5. Will the game model macro-choices as well as micro ones? By this I mean, not merely combat on a scale of "do I send these tank units this way or that way" (which I want), but also "do I contest the Atlantic with a huge sub building program, or give it up and divert more resources to the East?".

6. Will Air and Naval power figure as prominently as they should? I find this is often an overlooked area of the current range of "lighter" WW2 hex based games, particularly with regards to the strategic bombing campaigns employed against Germany and Japan.

7. Is the July 09 timeline looking firm?

8. Are people confident that too much micro-management can be avoided in a game of such scale?

Suffice to say, that after years (decades) spent wondering about "when will I get a truly all-encompassing, hex-based, WW2 game" if WiF is going to be what I hope it will be, then it's publisher/producer will get one unit purchase out of me that would (and I probably shouldn't say this...lol) completely ignore whatever pricetag they chose to put on it.


I'll let others answer your questions specifically, but here is something I wrote before I even signed a contract with Matrix to do the development. This was so I could "get my thoughts straight" as to what the AI Oopponent needed to do. Since I reread it every month or so, I thought it might provide you with a reasonable perspective on WIF.
===
I. Background
1.1 MWIF Objectives
World in Flames is a game of conquest where the winner is determined based on victory hexes held at the end of the game. Indeed, the game ends early if one side controls a sufficient number of victory hexes. Since control of a hex is only achieved by having land units either traverse the hex or occupy the country’s capital, land units determine who wins.

1.2 Land Units
There are dozens of types of land units and they can be corps or division size. In order for land units to attack outside of their home country, they need to be able to trace a supply line back to a supply source, either in their home country or an occupied country. To do that, they need to be near a headquarters unit which can trace supply back to a primary or secondary supply source using rail lines. Because the only way to take enemy held victory cities and enemy capitals is by attacking in foreign lands, these lines of communication are crucial for making progress.

1.3 Naval Units
If the enemy is overseas, then supply/communication lines need to extend overseas. This is done by having convoys in contiguous sea areas stretching from the overseas location to the home supply source. To keep overseas units in supply, there must be at least one convoy per sea area, thereby forming a convoy pipeline. The convoys are extremely vulnerable to attack, so naval units are used to defend friendly and attack enemy convoy pipelines. If all supply lines could be land based, then the naval units would have very little value. This is why historically Germany and the USSR fought such a prolonged and bloody conflict with virtually no naval units involved.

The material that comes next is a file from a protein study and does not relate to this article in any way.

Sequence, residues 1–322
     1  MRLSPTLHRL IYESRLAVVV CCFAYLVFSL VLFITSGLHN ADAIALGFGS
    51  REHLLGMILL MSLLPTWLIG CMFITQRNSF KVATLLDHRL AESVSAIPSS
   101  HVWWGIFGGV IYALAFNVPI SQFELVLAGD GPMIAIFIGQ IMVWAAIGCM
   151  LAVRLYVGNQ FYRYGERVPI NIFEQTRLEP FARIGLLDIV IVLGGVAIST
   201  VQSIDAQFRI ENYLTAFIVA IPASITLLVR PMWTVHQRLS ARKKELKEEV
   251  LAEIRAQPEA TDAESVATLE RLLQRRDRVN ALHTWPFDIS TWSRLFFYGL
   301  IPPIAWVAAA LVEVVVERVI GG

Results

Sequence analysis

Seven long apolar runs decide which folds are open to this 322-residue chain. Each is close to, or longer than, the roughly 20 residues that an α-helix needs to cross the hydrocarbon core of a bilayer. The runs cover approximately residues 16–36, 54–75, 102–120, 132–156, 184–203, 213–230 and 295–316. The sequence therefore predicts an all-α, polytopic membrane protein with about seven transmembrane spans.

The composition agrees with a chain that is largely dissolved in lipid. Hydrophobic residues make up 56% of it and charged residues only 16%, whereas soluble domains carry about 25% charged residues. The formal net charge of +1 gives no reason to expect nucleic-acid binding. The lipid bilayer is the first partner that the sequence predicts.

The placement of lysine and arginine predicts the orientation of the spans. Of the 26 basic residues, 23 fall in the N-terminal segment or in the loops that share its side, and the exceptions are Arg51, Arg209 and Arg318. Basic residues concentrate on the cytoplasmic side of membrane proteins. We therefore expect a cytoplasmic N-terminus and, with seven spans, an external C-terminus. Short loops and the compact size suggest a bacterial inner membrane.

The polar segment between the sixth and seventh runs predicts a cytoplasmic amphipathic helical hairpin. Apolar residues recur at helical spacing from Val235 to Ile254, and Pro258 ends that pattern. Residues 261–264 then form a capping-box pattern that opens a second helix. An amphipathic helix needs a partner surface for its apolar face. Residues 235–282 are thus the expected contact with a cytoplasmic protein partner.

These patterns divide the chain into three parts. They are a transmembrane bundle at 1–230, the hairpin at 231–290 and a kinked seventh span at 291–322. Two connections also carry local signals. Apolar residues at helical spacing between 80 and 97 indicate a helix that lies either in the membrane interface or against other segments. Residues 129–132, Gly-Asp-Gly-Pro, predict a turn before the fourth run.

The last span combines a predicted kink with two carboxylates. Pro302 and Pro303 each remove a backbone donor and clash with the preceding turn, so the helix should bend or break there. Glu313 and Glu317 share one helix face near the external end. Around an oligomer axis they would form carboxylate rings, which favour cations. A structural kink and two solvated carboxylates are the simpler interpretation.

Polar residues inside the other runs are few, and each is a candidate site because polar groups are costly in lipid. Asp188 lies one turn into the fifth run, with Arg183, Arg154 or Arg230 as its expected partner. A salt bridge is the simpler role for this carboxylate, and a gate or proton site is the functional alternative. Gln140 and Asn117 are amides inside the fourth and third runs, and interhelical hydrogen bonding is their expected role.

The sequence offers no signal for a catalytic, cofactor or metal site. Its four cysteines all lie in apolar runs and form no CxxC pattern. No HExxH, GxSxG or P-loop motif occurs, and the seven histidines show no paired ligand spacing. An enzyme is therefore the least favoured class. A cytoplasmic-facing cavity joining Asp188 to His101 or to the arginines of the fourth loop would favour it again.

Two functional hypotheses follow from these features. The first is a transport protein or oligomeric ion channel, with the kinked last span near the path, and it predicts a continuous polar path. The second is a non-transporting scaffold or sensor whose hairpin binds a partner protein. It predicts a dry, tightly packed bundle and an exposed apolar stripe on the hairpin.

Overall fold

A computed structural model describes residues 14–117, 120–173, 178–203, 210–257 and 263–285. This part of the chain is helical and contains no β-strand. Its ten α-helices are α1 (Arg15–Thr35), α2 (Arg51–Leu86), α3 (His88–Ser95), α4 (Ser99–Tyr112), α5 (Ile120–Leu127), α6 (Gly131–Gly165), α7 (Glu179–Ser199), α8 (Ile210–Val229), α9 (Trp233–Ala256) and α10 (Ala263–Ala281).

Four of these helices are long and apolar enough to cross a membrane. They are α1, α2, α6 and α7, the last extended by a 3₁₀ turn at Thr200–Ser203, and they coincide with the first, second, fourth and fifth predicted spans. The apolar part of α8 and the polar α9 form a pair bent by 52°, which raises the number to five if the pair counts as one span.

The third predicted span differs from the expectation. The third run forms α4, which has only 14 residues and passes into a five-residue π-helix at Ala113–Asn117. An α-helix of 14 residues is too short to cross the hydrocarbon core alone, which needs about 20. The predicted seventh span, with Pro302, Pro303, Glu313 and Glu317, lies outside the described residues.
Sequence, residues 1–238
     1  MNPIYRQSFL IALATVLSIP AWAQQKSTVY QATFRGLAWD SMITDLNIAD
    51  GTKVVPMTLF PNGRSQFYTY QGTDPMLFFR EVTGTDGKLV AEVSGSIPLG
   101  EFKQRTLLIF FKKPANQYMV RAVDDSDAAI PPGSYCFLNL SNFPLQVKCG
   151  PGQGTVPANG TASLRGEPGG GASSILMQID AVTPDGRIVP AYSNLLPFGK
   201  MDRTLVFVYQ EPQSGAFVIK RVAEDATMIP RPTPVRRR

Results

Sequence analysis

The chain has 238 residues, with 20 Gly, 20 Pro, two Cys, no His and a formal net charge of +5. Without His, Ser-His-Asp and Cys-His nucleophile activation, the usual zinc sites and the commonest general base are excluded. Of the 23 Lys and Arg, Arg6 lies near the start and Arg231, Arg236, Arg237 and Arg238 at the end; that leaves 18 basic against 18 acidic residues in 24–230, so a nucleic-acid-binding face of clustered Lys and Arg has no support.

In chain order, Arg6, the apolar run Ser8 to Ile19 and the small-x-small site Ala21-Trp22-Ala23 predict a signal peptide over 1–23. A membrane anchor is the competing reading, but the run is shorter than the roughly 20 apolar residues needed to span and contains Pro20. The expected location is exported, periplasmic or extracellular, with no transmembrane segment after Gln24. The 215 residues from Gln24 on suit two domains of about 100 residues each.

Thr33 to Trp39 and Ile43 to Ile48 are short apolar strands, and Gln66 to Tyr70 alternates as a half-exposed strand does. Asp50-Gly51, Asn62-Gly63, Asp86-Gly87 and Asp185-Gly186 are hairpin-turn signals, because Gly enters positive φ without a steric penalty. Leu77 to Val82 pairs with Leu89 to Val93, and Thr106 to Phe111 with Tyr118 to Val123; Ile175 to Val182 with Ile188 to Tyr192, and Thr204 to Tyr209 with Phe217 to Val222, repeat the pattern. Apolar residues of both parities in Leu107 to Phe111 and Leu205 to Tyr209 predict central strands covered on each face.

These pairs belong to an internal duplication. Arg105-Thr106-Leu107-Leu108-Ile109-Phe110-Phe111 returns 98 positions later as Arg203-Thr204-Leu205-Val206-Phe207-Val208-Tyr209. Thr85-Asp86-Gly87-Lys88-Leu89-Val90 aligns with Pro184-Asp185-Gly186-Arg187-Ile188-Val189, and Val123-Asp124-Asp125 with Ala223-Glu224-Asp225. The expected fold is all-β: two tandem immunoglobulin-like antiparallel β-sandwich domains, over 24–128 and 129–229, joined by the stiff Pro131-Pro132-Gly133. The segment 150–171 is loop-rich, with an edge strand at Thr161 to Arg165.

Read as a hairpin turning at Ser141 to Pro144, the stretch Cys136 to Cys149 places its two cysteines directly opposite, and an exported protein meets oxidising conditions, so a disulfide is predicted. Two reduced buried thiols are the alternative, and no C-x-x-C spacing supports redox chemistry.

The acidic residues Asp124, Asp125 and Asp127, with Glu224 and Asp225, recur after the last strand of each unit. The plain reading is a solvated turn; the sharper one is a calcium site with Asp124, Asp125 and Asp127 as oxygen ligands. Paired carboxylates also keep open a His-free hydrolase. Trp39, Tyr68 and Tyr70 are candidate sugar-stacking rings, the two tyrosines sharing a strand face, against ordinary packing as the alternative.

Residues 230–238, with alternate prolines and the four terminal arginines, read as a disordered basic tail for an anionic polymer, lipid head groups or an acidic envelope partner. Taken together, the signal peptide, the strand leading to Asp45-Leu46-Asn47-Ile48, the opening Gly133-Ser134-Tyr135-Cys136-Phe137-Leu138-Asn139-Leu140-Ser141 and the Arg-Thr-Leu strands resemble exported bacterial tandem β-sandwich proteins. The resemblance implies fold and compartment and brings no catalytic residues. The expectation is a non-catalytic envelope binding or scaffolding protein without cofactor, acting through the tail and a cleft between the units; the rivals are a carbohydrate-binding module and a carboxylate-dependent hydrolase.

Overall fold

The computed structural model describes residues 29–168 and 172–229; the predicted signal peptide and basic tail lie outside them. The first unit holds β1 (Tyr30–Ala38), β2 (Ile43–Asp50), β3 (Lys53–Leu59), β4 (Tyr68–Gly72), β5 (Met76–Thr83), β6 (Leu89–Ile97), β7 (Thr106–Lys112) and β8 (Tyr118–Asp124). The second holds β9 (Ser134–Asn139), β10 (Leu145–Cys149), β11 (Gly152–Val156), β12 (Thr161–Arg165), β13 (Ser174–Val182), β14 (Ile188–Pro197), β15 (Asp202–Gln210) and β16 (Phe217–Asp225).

1.4 Air Units
Air units enable a player to provide additional striking power at the point of attack. This can be done when attacking or defending, on land and at sea. Air units also have a limited ability to transport land units and supply. One unique role they perform is to attack enemy production through strategic bombing. In general though, air units are augmentations to land and naval forces, which respectively perform the primary tasks of taking territory and providing supply.

1.5 Transportation Lines
In addition to the rail lines and convoy pipelines providing supply, these same 2 transportation lines are used to transport resources to factories and reinforcements to the frontlines. The mechanism is so similar to those for maintaining supply, that for most purposes they can be thought of as the same. What has to be kept in mind is that the importance of the rail lines and convoy pipelines is multiple: (1) to provide supply, (2) to send reinforcements to the frontlines, and (3) to send resources to factories.

1.6 Production
Once resources have been delivered to a factory, production points are produced. Depending on the intensity of the war effort, production points are converted into a number of build points. Build points are used to create new land, naval, and air units. They can also be used for repairing naval units, generating supply depots, and creating new factories. Being unable to generate a substantial number of build points each turn means that a country is unable to replace losses to its army, navy, air force, and merchant marine, and eventually it is doomed to defeat.

_____________________________

Steve

Perfection is an elusive goal.

(in reply to OzHawkeye2)
Post #: 8
RE: Is this the game I hope it is? - 4/21/2009 3:03:56 AM   
OzHawkeye2

 

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Joined: 1/13/2009
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Thank you all for your replies, quite detailed they were too which I especially appreciate. In particular thanks Steve for giving me an insight to the design considerations behind the game.

This is sounding more and more like the truly epic, strategic game I've been looking forward to for so many years, one that will really reward clever strategies thought out and planned for in advance.

I'd imagine the biggest hurdle will be building a challenging AI, and I hope this goes well.

I'll keep going through the forums to hopefully try and avoid asking any more duplicated questions (as I'm sure some of mine were), and eagerly await the release of this long-sought-after "true WW2" game.

(in reply to Shannon V. OKeets)
Post #: 9
RE: Is this the game I hope it is? - 4/21/2009 4:33:37 AM   
Mad Russian


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From: Texas
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quote:

ORIGINAL: OzHawkeye

This is sounding more and more like the truly epic, strategic game


This is the one.

quote:


I've been looking forward to for so many years, one that will really reward clever strategies thought out and planned for in advance.


It will do all that.

quote:


I'd imagine the biggest hurdle will be building a challenging AI, and I hope this goes well.